If you like to cook and haven’t picked up The Food Lab: Better Home Cooking Through Science by J. Kenji Lόpez –Alt, you have a treat in store. The author is passionate about cooking and is obsessed with flavor. He has a degree in architecture from MIT, has gained experience in restaurant kitchens, takes a scientific approach to his craft, and can be followed at a successful blog, Serious Eats. The Food Lab is notable for its wonderful color illustrations, delectable recipes, descriptions of the best utensils to prepare superior dishes, and scientific explanations as to why certain techniques work and others do not. Although strict adherence to his guidelines will cost much more than the price of the book, he has several ideas of how to pare down your list of wants to a reasonable and affordable level.
Lόpez –Alt starts with the basics of kitchen science and then proceeds to his nine food groups—eggs and dairy, soups and stews, fast-cooking meats, vegetables, ground meats, roasts, pasta, salads, and fried foods. While mindful of nutrition and health, his emphasis is on preparing delicious food. Throughout the book he outlines experiments he has performed to test theories and accepted truths about how certain foods should be prepared. Sometimes prevailing wisdom triumphs, but frequently it fails, and the kitchen scientist develops a new construct. The book is brimming with enthusiasm, ideas, and different ways of looking at and preparing food.
Although Lόpez –Alt likes to prepare his own food and food for others, he does not have an antipathy to processed food or ingredients. He plays down fears about added chemicals in our food. For example, he describes how chemical leavening works as sodium bicarbonate and the accompanying acid in baking powder react to make perfect pancakes. He has no qualms about adding monosodium glutamate (MSG) to his dishes to bring out the umami taste. For those readers concerned about the much maligned MSG in their food, he points out which ingredients, such as soy sauce, can be used as substitutes. Processed ingredients he uses frequently include balsamic vinegar, beer, evaporated milk, kosher salt, mayonnaise, pasta, and unsalted butter. He is very fussy about his ground meat, however, and prefers chopping his own selected cuts of beef.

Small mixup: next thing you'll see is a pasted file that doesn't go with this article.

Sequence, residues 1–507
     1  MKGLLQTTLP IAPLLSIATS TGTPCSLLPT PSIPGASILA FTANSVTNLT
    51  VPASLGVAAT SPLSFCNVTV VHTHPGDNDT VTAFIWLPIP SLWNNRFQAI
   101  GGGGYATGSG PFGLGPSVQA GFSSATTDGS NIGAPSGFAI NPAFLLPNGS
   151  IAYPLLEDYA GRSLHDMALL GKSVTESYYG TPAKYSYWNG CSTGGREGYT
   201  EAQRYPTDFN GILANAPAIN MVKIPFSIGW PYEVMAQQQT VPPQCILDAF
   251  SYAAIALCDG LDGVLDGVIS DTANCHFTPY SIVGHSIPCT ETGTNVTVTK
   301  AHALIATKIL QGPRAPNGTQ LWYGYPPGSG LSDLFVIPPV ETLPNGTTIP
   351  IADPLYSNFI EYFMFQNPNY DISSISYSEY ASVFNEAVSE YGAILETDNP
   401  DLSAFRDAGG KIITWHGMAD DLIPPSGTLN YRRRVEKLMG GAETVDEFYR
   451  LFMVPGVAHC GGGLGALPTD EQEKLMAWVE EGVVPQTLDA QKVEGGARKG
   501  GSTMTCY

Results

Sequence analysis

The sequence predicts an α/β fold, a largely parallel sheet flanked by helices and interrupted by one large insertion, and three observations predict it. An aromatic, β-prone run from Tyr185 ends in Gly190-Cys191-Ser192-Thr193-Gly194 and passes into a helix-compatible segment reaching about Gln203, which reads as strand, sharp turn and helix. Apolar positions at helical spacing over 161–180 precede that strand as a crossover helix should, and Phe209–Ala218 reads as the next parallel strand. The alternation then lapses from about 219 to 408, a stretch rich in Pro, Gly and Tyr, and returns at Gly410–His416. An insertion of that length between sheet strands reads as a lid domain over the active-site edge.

As a food scientist, I am impressed with the author’s basic understanding of the chemical nature of food as well as the microbiological consequences of food fermentation and unsafe practices in the kitchen. He is very strict when it comes to using a thermometer to judge when a food has been cooked to perfection. I admit to being a little skeptical of his directions to get around ServSafe guidelines for some of his dishes. In my mind he appears to skate on the side of deliciousness at a potential safety risk. My three courses in food microbiology scared me witless about lethal microbes leading me to sacrifice some flavor for a greater certainty of safety. While not raising to the level of a home chef, I do prepare a few meals at home each week and have found many of his tips to be quite useful. For instance, when preparing hamburgers, I now know how to prevent the patties from rising in the center when frying them and how often they should be flipped on my backyard grill.
I can’t praise The Food Lab enough. It is ideal for serious home chefs who want to take their craft to the next level. It is even more appropriate for the novice who is interested in getting serious. The book is filled with recipes, colored illustrations of how to perform important kitchen tasks and tips on how to improve one’s cooking life. If you have someone on your holiday-gift list who loves to cook and has not heard of this book, The Food Lab might be just the perfect gift.
Next week: Feeding the hungry during the holidays and beyond
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